The Independent

Water companies accused of illegal raw sewage dumps

- HARRY COCKBURN ENVIRONMEN­T CORRESPOND­ENT

New data indicates that water companies in the UK are making “dry spills”: illegally dischargin­g sewage into rivers and seas during dry weather. Pumping raw sewage into the environmen­t is permitted only when firms are dealing with “unusually heavy rainfall”, but analysis by campaign group Surfers Against Sewage

(SAS) suggests the law has been ignored by water companies, with firms pumping raw sewage into rivers and seas during dry weather.

In total, 146 dry spills were detected over the past year, from October 2021 to September 2022. To reach their figures, the organisati­on carried out analysis of sewage discharge alerts by water companies and meteorolog­ical data, which it said indicated that sewage discharges occurred in “multiple instances” when there was no rain recorded.

During the year this happened “at least 146 times at a conservati­ve estimate”, it said. Of these 146 spills, 95 of them (65 per cent), were at locations where water quality is usually classified as “excellent”. Southern Water was responsibl­e for four times as many dry spills as the next worst offender, South West Water.

Between October 2021 and September 2022, SAS issued a total of 9,216 sewage pollution alerts via its Safer Seas & Rivers Service (SSRS), which covers more than 450 beach and river spots across the UK and is designed to help the public make informed decisions about where and when they swim, surf or paddle. A quarter (2,053) of these sewage alerts were during the 2022 bathing season. The figures come as SAS releases its annual water quality report.

Amy Slack, head of campaigns and policy at SAS, said: “Over the last year, the UK public has made clear their disgust at what’s happening to our rivers and seas, and yet water companies continue to pollute at will. It’s especially alarming to uncover evidence of potentiall­y illegal activity by water companies in the form of dry spills, which are not permitted under current regulation­s. Shareholde­rs and CEOs are unashamedl­y profiteeri­ng off pollution.”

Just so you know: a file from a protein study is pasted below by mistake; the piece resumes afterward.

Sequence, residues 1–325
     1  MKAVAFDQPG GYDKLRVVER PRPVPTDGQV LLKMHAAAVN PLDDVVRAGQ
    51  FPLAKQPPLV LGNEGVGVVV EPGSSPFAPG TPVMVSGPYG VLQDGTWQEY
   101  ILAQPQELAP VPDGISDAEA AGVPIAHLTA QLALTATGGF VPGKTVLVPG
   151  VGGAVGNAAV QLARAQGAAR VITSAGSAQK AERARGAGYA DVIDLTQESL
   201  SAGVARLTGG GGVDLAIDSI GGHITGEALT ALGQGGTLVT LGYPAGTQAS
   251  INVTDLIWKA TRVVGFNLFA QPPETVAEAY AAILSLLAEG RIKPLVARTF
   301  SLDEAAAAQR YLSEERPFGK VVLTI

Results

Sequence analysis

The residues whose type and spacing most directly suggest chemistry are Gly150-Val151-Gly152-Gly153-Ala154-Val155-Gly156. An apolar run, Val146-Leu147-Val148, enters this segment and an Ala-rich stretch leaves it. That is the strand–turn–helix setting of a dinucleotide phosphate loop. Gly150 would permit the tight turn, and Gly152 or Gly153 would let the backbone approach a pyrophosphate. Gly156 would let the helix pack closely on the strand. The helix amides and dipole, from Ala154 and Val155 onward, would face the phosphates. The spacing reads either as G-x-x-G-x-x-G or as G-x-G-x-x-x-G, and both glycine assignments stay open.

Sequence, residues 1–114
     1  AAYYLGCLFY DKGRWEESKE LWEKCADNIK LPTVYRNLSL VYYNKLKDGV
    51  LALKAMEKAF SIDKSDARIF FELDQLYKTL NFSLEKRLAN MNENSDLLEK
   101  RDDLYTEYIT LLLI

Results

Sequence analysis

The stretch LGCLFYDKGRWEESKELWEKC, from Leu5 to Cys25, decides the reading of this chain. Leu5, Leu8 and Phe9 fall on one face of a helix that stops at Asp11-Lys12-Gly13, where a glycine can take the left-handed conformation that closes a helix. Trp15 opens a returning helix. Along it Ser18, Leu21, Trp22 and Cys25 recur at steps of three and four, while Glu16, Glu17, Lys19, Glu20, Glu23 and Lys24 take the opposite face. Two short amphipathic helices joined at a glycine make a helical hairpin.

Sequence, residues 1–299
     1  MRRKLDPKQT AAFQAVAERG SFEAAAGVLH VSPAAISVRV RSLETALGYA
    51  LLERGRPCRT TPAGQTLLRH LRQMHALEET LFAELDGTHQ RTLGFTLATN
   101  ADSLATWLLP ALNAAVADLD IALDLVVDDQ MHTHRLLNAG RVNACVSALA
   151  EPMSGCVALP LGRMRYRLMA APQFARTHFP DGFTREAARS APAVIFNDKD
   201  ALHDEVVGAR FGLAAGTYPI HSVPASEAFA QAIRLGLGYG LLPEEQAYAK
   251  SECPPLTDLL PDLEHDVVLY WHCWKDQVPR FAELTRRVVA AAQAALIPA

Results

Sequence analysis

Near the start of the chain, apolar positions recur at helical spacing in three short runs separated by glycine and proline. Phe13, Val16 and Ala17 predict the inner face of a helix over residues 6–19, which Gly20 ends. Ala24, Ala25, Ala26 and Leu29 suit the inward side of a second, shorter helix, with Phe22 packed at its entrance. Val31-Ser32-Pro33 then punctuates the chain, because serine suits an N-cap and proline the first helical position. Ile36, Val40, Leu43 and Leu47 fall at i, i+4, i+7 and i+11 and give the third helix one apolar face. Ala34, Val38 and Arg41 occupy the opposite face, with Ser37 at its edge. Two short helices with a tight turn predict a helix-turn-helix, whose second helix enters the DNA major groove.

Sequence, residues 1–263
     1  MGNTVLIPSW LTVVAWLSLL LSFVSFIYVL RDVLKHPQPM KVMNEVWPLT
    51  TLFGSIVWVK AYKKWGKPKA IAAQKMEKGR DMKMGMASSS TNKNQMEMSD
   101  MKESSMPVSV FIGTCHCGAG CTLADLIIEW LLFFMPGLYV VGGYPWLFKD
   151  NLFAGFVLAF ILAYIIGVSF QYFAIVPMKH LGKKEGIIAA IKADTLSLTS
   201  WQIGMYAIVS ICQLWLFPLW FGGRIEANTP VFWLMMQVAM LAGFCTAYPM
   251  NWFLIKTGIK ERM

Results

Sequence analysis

She said the government’s failure to make sewage dumping illegal, and instead implement rules that would compel water companies to invest £56bn over 25 years in a long-term programme to tackle storm sewage discharges by 2050, was letting polluting firms off the hook.

She said: “The government is complicit in the sewage scandal, failing to enforce and strengthen regulation­s to protect the health of the UK’s waterways and the health of its citizens. Politician­s are simply kicking the can down the road, legitimisi­ng sewage pollution for the next 27 years through the sewage action plan published this summer. It’s high time the government stepped up and took real action to curb the destructiv­e and selfish behaviour of the water companies responsibl­e for this literal shitstorm.”

Elsewhere in SAS’s annual report, the team analysed data from 720 sickness reports submitted via the SSRS. The data revealed that more than a third (39 per cent) of sickness cases correlated to sewage discharge alerts, and 63 per cent of cases that were reported to doctors were attributed to poor water quality. The organisati­on said its findings “make a mockery of the categorisa­tion system for designated bathing waters in the UK”.